A pair of beavers are heading to a new home in a picturesque Essex village in a move which will see the species return to the county for the first time in 400 years.

It is hoped the Eurasian Beavers will improve diversity and help prevent flooding at Spains Hall Estate in Finchingfield.

The Environment Agency has worked with the estate, the Essex & Suffolk Rivers Trust and Essex Wildlife Trust to set up the project.

The beavers will have a territory covering four hectares, with plenty of trees to get their teeth stuck into and a boundary fence helping to keep them safe.

The Eurasian Beavers had been hunted to near-extinction for its meat, fur and scent glands by the beginning of the 16th century.

They have not been found in Essex since they were hunted to the point of extinction.

Since 2001 the species has been reintroduced to Scotland and earlier this year a pair were placed in the Forest of Dean in Gloucestershire.

A man-made flood management scheme will also be introduced at Finchingfield Brook.

How nature and man fare against each other will be captured in a documentary series, due to be screened next year.

It will be overseen by renowned wildlife filmmaker Russell Savory for independent film company Copper Productions.

Spains Hall Estate owner Archie Ruggles-Brise said: “We have experienced first-hand the disruption caused by flooding in Finchingfield so we are excited to be able to contribute to this novel approach to reducing flood risk, an undeniable public good.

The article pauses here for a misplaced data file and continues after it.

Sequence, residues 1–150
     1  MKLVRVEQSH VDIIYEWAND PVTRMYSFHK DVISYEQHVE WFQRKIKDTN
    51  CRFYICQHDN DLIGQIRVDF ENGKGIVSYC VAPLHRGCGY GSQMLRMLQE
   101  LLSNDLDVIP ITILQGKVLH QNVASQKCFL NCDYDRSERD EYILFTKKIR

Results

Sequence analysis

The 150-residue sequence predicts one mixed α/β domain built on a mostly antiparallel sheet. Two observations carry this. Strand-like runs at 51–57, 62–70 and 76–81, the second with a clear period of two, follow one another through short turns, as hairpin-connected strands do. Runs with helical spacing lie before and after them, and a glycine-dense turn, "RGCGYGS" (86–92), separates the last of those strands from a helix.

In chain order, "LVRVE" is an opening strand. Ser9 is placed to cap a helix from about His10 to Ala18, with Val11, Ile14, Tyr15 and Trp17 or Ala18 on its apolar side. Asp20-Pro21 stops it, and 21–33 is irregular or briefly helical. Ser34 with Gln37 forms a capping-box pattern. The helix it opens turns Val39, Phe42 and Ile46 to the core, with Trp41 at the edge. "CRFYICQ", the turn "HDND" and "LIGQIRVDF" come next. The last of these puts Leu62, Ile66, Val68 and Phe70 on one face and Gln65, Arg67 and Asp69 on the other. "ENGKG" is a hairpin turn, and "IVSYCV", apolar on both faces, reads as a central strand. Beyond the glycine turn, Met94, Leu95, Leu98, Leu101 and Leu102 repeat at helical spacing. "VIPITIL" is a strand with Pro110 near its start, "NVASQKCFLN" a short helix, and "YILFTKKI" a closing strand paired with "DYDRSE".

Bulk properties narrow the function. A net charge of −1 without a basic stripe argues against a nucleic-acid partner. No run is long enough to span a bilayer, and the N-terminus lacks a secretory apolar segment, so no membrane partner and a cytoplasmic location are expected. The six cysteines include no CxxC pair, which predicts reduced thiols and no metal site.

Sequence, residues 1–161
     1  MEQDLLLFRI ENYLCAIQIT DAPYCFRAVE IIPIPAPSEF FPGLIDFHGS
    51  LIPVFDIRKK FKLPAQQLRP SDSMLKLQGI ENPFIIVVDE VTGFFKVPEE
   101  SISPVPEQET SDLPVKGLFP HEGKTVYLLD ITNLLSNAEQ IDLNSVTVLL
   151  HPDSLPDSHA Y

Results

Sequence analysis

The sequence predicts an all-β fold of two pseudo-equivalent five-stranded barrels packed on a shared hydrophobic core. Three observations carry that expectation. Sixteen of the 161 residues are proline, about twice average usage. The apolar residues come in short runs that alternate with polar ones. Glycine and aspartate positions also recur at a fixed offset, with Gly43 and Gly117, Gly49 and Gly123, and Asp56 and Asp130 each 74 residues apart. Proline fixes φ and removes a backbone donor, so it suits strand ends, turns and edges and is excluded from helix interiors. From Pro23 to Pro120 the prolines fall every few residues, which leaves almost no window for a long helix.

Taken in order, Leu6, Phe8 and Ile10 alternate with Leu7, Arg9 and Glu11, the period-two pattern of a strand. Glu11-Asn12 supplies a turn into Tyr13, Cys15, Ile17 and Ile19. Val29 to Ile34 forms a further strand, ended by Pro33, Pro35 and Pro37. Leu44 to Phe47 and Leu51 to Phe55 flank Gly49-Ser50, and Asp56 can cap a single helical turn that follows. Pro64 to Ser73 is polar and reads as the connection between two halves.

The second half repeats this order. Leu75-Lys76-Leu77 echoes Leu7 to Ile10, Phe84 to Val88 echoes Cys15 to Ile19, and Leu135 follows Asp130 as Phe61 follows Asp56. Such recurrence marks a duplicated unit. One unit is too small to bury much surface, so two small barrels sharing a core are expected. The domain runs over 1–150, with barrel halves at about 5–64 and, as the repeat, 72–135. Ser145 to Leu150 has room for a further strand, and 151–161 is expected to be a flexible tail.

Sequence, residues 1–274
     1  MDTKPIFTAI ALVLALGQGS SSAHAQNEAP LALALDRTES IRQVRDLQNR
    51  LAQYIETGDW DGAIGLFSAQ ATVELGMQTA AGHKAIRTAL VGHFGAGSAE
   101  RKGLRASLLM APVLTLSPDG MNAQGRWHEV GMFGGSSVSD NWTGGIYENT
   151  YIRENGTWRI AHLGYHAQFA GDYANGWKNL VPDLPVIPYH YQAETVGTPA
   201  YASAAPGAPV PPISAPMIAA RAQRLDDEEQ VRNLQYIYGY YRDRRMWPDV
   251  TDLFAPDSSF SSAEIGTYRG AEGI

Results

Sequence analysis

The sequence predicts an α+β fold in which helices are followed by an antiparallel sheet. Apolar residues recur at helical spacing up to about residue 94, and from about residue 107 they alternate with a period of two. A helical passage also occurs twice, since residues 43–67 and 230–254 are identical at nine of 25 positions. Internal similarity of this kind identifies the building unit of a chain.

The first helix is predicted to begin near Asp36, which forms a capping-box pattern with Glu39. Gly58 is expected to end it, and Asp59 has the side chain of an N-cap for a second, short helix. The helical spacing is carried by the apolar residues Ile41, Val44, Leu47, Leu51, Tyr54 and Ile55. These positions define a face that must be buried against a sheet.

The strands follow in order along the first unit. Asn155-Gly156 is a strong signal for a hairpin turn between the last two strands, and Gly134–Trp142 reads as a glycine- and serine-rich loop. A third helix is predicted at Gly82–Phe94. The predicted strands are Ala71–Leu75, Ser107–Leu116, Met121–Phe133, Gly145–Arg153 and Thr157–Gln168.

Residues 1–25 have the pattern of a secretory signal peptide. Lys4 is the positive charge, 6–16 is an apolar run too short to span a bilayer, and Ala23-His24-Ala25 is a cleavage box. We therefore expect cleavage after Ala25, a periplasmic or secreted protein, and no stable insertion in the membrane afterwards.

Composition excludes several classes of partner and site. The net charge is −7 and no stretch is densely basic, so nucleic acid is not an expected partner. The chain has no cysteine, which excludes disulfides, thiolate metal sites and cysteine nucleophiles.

“The added attraction of being able to pit nature against man to see who 'does it better' will be a rare chance to learn and adapt our approach.

“We hope the project will also focus a spotlight on our little corner of rural North West Essex, a hidden gem normally only enjoyed by those in the know."

Matt Butcher, from the Environment Agency, said it was a "pioneering" project for East Anglia.

He said: “Introducing leaky dams along Finchingfield Brook should slow the flow and reduce flood peaks downstream whilst improving habitat in this fantastic landscape.

“The beavers bring another exciting dimension, as we can assess how effective they are at creating amazing new wetlands and as flood engineers.”

Essex County Councillor Simon Walsh added: " Beavers are renowned for felling trees and building dams and to use them for natural flood management is really exiting, as not only are more properties protected from flood risk, but animals once lost to the British countryside are being re-introduced in lowland Britain."